ABC NEWS — Federal prosecutors have indicted a fugitive Malaysian businessman and a founding member of 90s hip-hop group the Fugees for allegedly funneling over a million dollars into campaign accounts to support then-President Barrack Obama’s re-election, according to a federal indictment, the latest in a series of cases tied to a wide-ranging global financial and money laundering scandal.
The charges against fugitive businessman Jho Taek Low and onetime Fugees member Prakazrel "Pras" Michel stem from a broad federal effort to track billions of dollars Low has already been accused of stealing from a Malaysian sovereign wealth fund – a portion of which has allegedly been used to attempt to influence U.S. government officials.
According to the new indictment, the men moved $21.6 million from foreign accounts into U.S. companies to help them disguise the source of political contributions, which cannot legally come from foreign donors. Michel is alleged to have recruited 20 straw donors, who were his friends and associates, to make more than $1 million in contributions to political accounts supporting Obama’s re-election and then attempted to gain access to the president and to White House events.
Neither Obama nor his campaign team have been accused wrongdoing or of being aware of any of the alleged illegal activity. The indictment also notes that Low was denied access to a White House event. Obama was not mentioned by name in the court documents. But the candidate who received the contributions is described as "Candidate A and his administration,” and the document makes reference to “Candidate A” being at the White House, which was occupied by Obama at the time.
Low and Michel were indicted Friday by prosecutors by the U.S. District Court for the District of Columbia for conspiracy to defraud the country, filing false statements and two counts of making a false entry in a record.
Both men have, through attorneys, disputed the allegations against them.
“Mr. Low is innocent — and he is presumed innocent under U.S. law,” said a spokesperson for Low, through his attorneys, who have posted his response on a public website. “The allegations against Mr. Low have no basis in fact: Mr. Low has never made any campaign contributions directly or indirectly in the U.S. and he unequivocally denies any involvement in or knowledge of the alleged activities.”
Michel's attorney, Barry J. Pollack, wrote in an email to ABC News that his client “is extremely disappointed that so many years after the fact the government would bring charges related to 2012 campaign contributions.”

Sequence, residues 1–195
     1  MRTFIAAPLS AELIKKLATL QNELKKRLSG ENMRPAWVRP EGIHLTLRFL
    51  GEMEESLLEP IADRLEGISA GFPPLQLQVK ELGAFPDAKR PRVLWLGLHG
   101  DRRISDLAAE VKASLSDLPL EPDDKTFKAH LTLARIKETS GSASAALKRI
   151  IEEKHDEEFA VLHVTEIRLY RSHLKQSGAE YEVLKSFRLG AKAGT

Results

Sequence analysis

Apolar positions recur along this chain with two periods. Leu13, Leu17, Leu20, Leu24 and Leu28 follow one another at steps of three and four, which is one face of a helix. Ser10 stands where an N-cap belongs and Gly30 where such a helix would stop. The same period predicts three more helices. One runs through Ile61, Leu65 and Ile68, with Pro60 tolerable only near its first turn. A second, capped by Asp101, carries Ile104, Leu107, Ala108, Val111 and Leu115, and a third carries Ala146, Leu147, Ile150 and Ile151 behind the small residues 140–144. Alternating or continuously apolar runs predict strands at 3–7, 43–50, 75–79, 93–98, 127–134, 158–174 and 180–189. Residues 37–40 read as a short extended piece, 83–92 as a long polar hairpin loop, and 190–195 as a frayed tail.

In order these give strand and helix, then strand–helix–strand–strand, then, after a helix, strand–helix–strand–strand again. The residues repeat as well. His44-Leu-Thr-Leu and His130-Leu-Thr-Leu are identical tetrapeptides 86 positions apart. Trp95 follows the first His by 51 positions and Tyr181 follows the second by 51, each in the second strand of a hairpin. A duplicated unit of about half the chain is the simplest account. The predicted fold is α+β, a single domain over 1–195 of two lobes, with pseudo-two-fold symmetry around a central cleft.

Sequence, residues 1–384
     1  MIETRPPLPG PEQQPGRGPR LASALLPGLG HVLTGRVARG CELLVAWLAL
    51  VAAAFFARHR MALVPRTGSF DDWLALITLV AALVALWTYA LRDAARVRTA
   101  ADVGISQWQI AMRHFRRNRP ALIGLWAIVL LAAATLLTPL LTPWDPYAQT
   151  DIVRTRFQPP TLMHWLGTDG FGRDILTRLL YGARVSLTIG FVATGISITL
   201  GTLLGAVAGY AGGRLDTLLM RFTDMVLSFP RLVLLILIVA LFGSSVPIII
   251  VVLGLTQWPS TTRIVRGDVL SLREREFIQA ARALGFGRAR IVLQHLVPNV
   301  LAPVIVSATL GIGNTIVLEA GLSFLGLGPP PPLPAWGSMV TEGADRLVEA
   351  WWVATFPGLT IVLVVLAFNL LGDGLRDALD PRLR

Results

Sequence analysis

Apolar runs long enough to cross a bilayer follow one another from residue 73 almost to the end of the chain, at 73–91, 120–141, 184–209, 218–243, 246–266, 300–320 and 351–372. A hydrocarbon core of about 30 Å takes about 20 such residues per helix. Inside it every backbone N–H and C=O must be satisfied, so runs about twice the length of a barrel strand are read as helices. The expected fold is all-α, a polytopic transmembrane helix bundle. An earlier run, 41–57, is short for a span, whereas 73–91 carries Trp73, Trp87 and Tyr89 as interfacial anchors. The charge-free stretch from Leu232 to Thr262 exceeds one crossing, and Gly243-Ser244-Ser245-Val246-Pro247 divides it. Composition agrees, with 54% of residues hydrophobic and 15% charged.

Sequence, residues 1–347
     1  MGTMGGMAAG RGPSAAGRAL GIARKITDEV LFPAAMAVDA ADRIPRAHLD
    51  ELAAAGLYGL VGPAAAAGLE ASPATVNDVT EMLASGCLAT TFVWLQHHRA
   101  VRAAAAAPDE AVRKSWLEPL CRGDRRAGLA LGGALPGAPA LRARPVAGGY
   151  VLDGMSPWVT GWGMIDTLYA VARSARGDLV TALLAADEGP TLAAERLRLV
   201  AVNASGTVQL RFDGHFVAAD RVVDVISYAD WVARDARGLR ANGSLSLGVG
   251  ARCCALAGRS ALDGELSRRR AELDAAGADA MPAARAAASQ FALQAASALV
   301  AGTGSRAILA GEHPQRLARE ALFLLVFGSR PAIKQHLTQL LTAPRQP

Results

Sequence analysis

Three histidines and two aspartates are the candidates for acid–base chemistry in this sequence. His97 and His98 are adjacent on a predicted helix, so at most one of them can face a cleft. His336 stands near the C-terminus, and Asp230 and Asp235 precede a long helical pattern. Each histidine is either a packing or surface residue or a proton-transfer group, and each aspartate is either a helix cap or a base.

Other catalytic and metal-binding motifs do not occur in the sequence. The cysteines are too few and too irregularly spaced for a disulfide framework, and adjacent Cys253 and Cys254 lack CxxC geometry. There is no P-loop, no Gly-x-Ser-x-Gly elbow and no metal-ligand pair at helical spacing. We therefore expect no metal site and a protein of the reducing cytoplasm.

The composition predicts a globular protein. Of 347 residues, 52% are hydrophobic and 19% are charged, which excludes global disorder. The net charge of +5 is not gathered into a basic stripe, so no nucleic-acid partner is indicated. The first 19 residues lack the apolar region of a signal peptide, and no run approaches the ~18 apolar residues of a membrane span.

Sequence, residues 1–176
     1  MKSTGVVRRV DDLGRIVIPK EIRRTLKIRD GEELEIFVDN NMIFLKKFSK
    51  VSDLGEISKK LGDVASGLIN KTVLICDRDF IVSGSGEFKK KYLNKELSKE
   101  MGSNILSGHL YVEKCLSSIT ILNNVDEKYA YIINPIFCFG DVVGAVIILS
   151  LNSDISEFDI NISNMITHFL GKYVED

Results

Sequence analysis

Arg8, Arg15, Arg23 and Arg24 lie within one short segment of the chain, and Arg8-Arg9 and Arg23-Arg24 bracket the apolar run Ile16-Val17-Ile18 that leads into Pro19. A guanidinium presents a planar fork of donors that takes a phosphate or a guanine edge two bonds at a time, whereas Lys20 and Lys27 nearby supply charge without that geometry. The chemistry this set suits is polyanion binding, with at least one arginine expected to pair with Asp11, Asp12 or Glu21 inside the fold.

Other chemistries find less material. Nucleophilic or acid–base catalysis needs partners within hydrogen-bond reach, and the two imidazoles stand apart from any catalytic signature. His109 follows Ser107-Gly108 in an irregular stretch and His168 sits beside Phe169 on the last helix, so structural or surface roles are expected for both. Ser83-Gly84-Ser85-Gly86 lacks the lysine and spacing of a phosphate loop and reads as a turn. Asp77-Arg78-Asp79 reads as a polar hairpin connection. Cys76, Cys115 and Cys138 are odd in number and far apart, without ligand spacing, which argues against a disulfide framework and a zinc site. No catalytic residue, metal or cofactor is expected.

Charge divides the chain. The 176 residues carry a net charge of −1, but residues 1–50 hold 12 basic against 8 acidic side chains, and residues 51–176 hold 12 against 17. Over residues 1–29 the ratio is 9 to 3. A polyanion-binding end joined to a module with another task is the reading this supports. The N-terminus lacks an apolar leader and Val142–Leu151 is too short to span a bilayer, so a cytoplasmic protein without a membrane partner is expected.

“Mr. Michel is innocent of these charges and looks forward to having the case heard by a jury,” Pollack said.
The case lays out in detail the alleged violations of campaign laws that prohibit foreign donors from contributing to American political campaigns and forbid Americans from serving as conduits to disguise the true source of those donations. The government has accused Michel of orchestrating such an operation. Michel allegedly instructed straw donors to make donations "in their own names, rather than in the names of the true source of the funds," according to court documents.
Meanwhile, as Michel allegedly set up straw donors to attend fundraisers for "Candidate A" that "required a contribution of at least $40,000," he distributed Low's money by writing checks for hundreds of thousands of dollars, court documents showed. There was a time in October 2012 when Michel was "low in cash like 500 bucks low" and emailed his financial adviser to wire him money, according to court documents.
While the case focuses on contributions to Obama, it could have broader political implications for Republicans should Michel choose to seek a cooperation agreement. Both Michel and Low have ties to Elliott Broidy, a former key political fundraiser for the Republican National Committee and President Trump. Low has been accused of seeking the help of Individual A who has been widely reported to be Broidy in lobbying the Trump administration to help stifle a wide-ranging federal investigation into his financial activities, according to a filing in a separate court case. Broidy is not named in that filing, but has been widely identified as individual one.
A spokesman for Broidy reached Saturday declined to comment. An attorney for Broidy, Christopher Clark, told The Washington Post in August that Broidy "has never agreed to work for, been retained by nor been compensated by any foreign government for any interaction with the United States Government, ever. Any implication to the contrary is a lie."
The FBI raided Broidy’s Los Angeles office last July, according to a recent report by ProPublica that cited search warrants. The search warrant documents listed associates of Michel’s. Broidy was not charged.
Although Low's whereabouts are still unknown, this is just the latest in a series of charges filed against him by federal prosecutors, all of which place him at the center of an alleged massive and far-reaching global financial scandal. Low was indicted in November 2018 by prosecutors with the Eastern District of New York on allegations he attempted to launder billions of dollars from the investment fund, 1Malaysia Development Berhad (1MDB). Michel's name surfaced when those charges were announced because of his alleged work for Low, but he was not charged in that case.
Story courtesy of ABC News.